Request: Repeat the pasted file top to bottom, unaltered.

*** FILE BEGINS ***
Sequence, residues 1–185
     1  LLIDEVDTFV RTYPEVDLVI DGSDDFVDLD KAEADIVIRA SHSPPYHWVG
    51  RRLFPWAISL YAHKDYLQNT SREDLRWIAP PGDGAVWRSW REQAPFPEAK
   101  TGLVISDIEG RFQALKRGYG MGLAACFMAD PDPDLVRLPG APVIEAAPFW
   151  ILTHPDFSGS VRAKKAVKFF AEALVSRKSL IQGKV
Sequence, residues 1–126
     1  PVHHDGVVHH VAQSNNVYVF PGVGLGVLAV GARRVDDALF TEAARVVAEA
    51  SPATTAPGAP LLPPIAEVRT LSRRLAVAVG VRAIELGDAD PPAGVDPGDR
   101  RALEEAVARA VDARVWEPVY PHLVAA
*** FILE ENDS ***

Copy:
Sequence, residues 1–185
     1  LLIDEVDTFV RTYPEVDLVI DGSDDFVDLD KAEADIVIRA SHSPPYHWVG
    51  RRLFPWAISL YAHKDYLQNT SREDLRWIAP PGDGAVWRSW REQAPFPEAK
   101  TGLVISDIEG RFQALKRGYG MGLAACFMAD PDPDLVRLPG APVIEAAPFW
   151  ILTHPDFSGS VRAKKAVKFF AEALVSRKSL IQGKV
Sequence, residues 1–126
     1  PVHHDGVVHH VAQSNNVYVF PGVGLGVLAV GARRVDDALF TEAARVVAEA
    51  SPATTAPGAP LLPPIAEVRT LSRRLAVAVG VRAIELGDAD PPAGVDPGDR
   101  RALEEAVARA VDARVWEPVY PHLVAA